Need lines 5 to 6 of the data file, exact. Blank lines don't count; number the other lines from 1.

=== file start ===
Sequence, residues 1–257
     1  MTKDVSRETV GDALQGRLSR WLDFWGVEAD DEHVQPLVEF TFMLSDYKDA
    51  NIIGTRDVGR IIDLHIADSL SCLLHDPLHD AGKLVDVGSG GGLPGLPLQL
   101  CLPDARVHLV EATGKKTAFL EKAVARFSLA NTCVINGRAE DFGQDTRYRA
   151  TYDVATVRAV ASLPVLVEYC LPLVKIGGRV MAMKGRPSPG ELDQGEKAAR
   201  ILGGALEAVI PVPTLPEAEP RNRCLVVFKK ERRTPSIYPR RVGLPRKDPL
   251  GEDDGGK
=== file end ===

   151  TYDVATVRAV ASLPVLVEYC LPLVKIGGRV MAMKGRPSPG ELDQGEKAAR
   201  ILGGALEAVI PVPTLPEAEP RNRCLVVFKK ERRTPSIYPR RVGLPRKDPL